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    The Netherlands wins Eurovision Song Contest in Tel Aviv

    © Eurovision.tv/press, Andres Putting
    Duncan Laurence surrounded by the hosts after his victory in the 2019 Eurovision Song Contest.
    © Eurovision.tv/press, Andres Putting

    After a thrilling voting process to the very end, Duncan Laurence with Arcade from the Netherlands won the Eurovision Song Contest early Sunday morning in Tel Aviv. The Netherlands secured their first victory since 1975 with 492 points. Italy finished second with 465 points, Russia was third with 369 points, Switzerland was 4th with 360 points. Norway took 5th  place with 338 points, six ahead of Sweden in 6th  place. The United Kingdom finished in 26th  place, just behind Germany and Belarus.

    The televote changed dramatically the results from the national juries where countries often gave the highest number of points to their neighbours. Sweden´s John Lundvik finished first amongst the 41 national juries with 239 points, just two ahead of North Macedonia, but did not get enough points in the televote to keep his lead.

    24-year-old Duncan Laurence was born in 1994 in Spijkenisse, the Netherlands, and graduated this year from the Rock Academy in Tilburg. There he developed himself as a singer, songwriter and music producer. Besides that, he spent a lot of time writing songs in London and Stockholm.

    “I grew up in a town where music was a stranger. Music had no part in the regular school system. But that couldn’t keep me from making music. Somehow, I was drawn to its magical ways to express myself and tell my own story,” he said before the song contest in Tel Aviv.

    “My youth wasn’t always easy. I was bullied a lot and couldn’t defend myself. Music was a safe haven, a place where I was not insecure and where I could let my emotions run free.

    After his victory was confirmed, Duncan appeared in front of hundreds of journalists from around the world at the Winners’ Press Conference to tell them about his experience.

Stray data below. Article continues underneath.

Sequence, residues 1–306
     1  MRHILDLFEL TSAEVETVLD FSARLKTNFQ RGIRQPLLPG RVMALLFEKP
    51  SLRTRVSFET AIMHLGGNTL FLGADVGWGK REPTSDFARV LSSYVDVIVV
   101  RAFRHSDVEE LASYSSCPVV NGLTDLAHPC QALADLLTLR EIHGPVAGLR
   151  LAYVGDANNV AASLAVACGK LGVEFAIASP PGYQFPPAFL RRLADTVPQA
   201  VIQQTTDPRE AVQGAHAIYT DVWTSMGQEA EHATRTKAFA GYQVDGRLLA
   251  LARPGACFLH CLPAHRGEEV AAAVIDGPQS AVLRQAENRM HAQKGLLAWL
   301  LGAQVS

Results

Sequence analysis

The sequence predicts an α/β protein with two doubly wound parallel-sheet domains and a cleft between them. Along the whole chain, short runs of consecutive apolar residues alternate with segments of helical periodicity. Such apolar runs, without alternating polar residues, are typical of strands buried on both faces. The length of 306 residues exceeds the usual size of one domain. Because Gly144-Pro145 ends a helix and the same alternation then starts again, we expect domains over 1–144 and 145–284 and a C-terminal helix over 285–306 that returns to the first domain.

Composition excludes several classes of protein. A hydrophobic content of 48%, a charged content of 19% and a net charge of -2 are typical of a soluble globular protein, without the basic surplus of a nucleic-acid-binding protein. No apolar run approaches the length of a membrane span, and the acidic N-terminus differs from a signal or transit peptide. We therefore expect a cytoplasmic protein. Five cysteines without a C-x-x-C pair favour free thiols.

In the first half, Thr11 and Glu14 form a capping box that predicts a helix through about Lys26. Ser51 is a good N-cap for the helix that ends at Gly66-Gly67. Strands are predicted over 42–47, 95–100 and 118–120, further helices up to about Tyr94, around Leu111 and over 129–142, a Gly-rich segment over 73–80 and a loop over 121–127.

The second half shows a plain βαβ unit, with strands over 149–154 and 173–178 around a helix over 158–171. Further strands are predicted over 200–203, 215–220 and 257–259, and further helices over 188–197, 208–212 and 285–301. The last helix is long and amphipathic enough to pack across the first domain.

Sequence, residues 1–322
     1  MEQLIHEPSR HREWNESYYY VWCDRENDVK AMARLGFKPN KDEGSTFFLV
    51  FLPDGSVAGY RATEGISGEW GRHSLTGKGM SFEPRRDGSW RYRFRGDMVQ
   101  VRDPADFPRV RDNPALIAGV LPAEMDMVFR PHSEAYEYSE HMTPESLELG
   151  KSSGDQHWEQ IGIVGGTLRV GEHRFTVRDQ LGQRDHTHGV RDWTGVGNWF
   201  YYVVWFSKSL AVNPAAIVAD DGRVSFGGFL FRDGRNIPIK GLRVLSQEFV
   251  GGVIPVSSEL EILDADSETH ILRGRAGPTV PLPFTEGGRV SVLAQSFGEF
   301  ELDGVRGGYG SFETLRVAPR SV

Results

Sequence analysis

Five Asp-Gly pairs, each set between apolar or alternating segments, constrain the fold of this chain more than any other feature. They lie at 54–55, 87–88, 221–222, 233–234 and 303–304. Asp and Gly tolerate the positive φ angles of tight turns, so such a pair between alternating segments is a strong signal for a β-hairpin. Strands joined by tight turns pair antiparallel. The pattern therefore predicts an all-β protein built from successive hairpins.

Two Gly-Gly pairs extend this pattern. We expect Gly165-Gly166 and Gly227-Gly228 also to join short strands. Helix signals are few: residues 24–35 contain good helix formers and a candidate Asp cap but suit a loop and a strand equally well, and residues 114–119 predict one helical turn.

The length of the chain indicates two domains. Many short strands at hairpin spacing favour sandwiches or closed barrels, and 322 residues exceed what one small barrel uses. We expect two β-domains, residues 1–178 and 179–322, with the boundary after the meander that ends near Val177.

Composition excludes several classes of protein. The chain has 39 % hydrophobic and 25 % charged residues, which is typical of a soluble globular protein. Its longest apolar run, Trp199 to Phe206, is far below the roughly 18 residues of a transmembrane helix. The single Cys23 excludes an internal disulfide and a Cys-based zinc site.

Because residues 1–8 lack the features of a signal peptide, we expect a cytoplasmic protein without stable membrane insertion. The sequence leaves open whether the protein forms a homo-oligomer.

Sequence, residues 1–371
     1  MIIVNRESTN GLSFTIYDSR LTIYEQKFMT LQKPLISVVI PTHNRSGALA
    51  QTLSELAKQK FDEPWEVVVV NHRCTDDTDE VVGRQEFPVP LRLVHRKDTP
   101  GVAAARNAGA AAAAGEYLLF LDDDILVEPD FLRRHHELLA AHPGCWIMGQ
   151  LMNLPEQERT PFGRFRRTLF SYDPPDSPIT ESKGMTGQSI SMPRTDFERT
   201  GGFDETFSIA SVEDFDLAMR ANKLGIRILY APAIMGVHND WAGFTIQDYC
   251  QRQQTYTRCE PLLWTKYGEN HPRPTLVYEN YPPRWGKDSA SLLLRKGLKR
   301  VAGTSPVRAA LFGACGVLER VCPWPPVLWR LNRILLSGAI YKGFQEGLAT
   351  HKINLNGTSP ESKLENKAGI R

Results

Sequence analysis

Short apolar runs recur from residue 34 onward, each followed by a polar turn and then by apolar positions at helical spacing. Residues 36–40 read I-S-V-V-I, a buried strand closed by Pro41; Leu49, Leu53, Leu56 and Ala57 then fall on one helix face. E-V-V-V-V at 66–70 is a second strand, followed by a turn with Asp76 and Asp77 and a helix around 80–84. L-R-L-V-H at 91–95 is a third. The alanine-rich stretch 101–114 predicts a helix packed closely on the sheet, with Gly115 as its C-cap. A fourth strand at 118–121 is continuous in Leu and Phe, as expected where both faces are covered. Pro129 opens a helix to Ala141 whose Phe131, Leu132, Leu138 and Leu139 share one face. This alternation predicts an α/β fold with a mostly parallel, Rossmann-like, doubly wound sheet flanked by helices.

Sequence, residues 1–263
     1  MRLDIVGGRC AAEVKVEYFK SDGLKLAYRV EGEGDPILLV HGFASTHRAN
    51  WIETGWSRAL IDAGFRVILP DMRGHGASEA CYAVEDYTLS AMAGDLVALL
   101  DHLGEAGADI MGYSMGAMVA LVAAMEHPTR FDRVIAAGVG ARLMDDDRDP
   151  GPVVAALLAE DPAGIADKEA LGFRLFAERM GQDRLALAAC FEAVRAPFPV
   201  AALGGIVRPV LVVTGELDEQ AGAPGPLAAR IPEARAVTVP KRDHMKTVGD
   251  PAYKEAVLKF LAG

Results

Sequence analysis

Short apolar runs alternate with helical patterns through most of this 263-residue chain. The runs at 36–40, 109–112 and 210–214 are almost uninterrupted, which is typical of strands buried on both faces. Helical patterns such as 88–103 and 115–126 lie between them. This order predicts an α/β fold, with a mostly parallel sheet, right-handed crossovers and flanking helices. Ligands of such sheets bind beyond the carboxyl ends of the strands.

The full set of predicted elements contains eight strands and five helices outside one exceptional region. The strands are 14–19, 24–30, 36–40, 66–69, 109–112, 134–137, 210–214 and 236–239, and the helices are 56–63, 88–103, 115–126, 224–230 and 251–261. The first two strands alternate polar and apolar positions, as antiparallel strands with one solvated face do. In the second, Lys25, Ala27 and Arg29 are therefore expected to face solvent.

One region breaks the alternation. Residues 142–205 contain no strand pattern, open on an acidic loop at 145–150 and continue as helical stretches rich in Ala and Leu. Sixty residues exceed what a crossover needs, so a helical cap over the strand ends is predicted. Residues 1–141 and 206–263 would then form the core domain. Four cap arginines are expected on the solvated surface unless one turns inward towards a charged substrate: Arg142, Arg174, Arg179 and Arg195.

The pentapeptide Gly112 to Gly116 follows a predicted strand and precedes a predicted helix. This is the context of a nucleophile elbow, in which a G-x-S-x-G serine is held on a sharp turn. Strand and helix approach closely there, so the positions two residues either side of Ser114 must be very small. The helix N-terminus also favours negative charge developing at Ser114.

Duncan told the journalists that, as the votes were being announced, his heart was beating incredibly hard: “I’m glad I’m still here,” he joked. “The votes take a long time. Next year we shouldn’t do that, you could get a heart attack from it.”

    Asked about being honest and open about sexuality and what advice he would give the LGBT community, he replied that “the most important thing, of course, is to stick to who you are and see yourself as I see myself – a human being who has talents, who can do things.”

    Looking forwards, he said that he had exchanged numbers with John Lundvik so that they could write together in the future. He also shared that, of all the past Eurovision artists, he would like to collaborate with Måns Zelmerlöw, another Swedish singer who won the song contest in 2015 with Heroes.

    What does Duncan want his Eurovision legacy to be? “When you believe in your music, when you believe in your artistry, really believe in the artistry and the hard work, do it.”

    The 64th Eurovision Song Contest in Tel Aviv proved to be a spectacular and well-organised show at Expo Tel Aviv, despite calls to boycott the event in Israel, with Madonna performing with her new hit before the voting started.

    Iceland that had threatened to boycott the event did come and finished on 10th place with Hatari, a piece of dystopian anti-capitalist performance art, but used the event to protest against Israel.

    Israel benefited from the event by showing “postcard”-videos with all delegations from different beautiful places mostly inside its 1967 borders. Its own song, however, finished almost in the bottom of the contest.

    The Brussels Times